FIG. 2 is a block diagram illustrating exemplary functional components for a particular embodiment of a call management device of the system;
  • [0010]
    FIG. 3 is a flowchart illustrating a method for redirecting calls from a client call management device to a server call management device for service by a central voicemail system; and
  • [0011]
    FIG. 4 is a flowchart illustrating a method for processing local and remote message waiting indications.
  • DETAILED DESCRIPTION OF THE DRAWINGS
  • [0012]
    FIG. 1 illustrates a telecommunication system, indicated generally at 10, that includes call management devices 12 that each link to public switched telephone network (PSTN) 14, a wide area network (WAN) 16, and a local area network (LAN) 18 to provide telephony services for telephony devices 20. In addition, one of call management devices 12 links to a voicemail server 22, which provides centralized voicemail services for telephony devices 20 managed by call management devices 12. In general, call management devices 12 support redirection of telephone calls and relaying of message waiting indications to provide voicemail services in a distributed telephony environment using a centralized voicemail system.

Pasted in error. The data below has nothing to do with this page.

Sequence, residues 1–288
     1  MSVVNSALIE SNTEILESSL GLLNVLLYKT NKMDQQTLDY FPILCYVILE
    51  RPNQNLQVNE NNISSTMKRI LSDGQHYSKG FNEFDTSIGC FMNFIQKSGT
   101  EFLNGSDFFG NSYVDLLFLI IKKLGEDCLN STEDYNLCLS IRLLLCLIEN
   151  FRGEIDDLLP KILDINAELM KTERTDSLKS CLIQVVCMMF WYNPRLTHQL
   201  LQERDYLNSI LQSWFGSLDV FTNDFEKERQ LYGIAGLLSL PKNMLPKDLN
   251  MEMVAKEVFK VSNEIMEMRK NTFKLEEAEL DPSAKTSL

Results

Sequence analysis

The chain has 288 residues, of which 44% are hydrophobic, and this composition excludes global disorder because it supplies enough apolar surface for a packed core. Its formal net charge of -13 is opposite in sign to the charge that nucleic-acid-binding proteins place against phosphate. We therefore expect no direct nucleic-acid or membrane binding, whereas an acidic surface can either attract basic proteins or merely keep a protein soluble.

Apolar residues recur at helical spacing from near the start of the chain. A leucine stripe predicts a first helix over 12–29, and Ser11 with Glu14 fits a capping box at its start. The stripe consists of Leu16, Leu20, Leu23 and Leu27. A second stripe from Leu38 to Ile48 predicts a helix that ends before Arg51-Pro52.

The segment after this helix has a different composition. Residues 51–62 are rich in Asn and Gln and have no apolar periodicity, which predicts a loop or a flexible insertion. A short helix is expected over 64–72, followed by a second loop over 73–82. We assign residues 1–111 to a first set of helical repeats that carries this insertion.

• [0013]
    PSTN 14 represents any part or parts of the collection of interconnected telephony systems operated by various telephone companies and administrators around the world. Wide area network 16 represents any suitable collection and arrangement of network elements providing connectivity between call management devices 12. For example, wide area network 16 may include switches, gateways, and other suitable equipment linking locations in one or more cities spread throughout the globe. According to particular embodiments, wide area network 16 supports packet-based communications, such as Internet protocol (IP) communications, between call management devices 12.
  • [0014]
    Call management devices 12 represent hardware, including any suitable controlling logic, operating to provide telephony services for telephony devices 20. In the embodiment illustrated, system 10 includes three call management devices 12, with one device 12 operating and labeled as a server and the remaining two devices 12 operating as clients and labeled as Client A and Client B. A particular example providing specific functional elements of call management device 12 is provided below with respect to FIG. 2.
  • [0015]
    Each call management device 12, whether operating as a client or a server, may couple to a particular LAN 18 to provide connectivity and management for one or more telephony devices 20. LANs 18 represent any suitable collection and arrangement of network equipment providing connectivity between a particular call management device 12 and its managed telephony devices 20. For example, LANs 18 may represent Ethernet networks transporting packets, such as IP packets.
  • [0016]